The world is a poorer place because of all of that waste but more importantly, can we afford to not have the talents that we have within us developed to the full if we are to survive as a species in these traumatic times with the many challenges that we face ahead?

The most iconic photos of all time

I read a really interesting post yesterday called “Six Applications of Photography In Education” . I think that there is so much to be said about the use of photos in education.

One of the more interesting links in the post was to the history of photography. I found a really interesting post called  “13 Photographs That Changed the World.

This article had thirteen iconic photographs in it including the 1936 Dorothea Lange classic “Migrant Mother“.

The thing was this was a personal list by the author and many would agree with the Lange photo being there but might think that there were some more iconic photos that didn’t make the list. This led to a great comment section after the original post where there were some excellent suggestions including these two classics:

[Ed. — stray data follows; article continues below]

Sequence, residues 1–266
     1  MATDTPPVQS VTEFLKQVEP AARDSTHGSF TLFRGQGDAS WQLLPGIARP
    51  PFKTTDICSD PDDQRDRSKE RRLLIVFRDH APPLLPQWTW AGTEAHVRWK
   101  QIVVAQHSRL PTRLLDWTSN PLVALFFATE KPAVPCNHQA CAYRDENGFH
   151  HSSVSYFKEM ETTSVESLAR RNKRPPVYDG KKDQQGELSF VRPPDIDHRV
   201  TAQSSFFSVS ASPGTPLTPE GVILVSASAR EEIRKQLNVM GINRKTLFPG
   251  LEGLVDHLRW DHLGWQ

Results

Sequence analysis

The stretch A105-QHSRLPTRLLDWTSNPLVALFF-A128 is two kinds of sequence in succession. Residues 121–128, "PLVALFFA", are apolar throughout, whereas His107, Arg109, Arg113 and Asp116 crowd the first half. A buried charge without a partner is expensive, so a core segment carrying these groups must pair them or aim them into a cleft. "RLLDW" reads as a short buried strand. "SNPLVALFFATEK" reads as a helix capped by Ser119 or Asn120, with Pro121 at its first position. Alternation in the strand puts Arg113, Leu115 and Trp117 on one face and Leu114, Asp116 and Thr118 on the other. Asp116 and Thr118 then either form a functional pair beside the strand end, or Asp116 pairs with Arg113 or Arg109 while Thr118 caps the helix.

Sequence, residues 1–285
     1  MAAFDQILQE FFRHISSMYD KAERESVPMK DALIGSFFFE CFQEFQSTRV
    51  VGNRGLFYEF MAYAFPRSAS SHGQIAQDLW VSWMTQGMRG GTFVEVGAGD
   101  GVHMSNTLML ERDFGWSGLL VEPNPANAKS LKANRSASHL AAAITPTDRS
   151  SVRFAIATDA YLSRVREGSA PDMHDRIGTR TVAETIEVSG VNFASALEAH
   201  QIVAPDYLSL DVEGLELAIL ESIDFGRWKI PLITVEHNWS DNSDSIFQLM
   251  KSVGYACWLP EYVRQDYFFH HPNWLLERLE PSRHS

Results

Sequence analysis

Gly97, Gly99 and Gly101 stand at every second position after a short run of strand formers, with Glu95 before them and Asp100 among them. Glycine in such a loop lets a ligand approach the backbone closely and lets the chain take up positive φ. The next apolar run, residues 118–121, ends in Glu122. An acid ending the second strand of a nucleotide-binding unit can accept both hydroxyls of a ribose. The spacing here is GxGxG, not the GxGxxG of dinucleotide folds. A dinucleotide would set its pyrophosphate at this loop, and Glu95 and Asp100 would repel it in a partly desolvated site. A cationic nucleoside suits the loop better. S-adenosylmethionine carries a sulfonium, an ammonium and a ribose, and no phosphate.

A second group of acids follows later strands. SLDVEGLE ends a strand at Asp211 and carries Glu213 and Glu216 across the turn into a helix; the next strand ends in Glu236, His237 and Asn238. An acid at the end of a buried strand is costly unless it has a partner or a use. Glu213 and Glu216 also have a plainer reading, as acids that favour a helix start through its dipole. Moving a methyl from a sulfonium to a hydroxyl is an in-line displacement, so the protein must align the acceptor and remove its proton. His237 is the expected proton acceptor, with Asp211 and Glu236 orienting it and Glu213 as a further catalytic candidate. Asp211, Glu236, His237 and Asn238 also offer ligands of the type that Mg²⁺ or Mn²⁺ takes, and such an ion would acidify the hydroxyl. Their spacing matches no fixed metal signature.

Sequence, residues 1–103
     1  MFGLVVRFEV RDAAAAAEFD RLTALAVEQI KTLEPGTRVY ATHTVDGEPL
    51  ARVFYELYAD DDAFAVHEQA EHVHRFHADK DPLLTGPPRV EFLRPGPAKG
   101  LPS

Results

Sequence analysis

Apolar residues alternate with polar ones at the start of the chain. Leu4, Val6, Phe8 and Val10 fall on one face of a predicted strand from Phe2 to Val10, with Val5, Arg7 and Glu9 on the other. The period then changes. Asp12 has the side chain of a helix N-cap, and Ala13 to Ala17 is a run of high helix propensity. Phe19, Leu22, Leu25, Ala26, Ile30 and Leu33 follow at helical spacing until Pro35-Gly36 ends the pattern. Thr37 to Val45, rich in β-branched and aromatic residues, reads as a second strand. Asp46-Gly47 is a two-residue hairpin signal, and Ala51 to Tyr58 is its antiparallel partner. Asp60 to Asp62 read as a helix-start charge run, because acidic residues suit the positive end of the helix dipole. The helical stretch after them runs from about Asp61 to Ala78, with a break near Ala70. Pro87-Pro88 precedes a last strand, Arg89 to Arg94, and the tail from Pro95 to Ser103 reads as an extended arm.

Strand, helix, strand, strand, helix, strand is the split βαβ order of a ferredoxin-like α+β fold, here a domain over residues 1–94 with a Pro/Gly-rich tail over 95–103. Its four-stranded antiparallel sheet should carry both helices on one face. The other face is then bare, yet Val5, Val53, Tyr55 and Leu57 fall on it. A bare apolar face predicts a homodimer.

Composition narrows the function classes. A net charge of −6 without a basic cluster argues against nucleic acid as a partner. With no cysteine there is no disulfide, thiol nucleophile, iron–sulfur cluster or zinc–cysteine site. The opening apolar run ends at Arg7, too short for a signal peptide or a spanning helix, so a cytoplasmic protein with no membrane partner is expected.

It made me wonder what top ten all-time great photographs you would choose.. maybe, if you’re a teacher it’s a good thing to get your students researching and discussing. Let me know your lists.

How Google + has extended my PLN

I loved the format of G+ from the minute I experienced it. It has recently been opened to the wider world of Googlers and I am finding that I am getting followed in circles by more and more interesting people. I have taken the plunge myself and have added a number of new people to my existing circles.

What really sells this format to me are the extended posts. I am a fervent Tweeter but am often frustrated by having the character ticker count down towards the 140 mark. I know that the 140 limit is good for careful wording but would really like to be able to read more. With G+ I get this and so much more.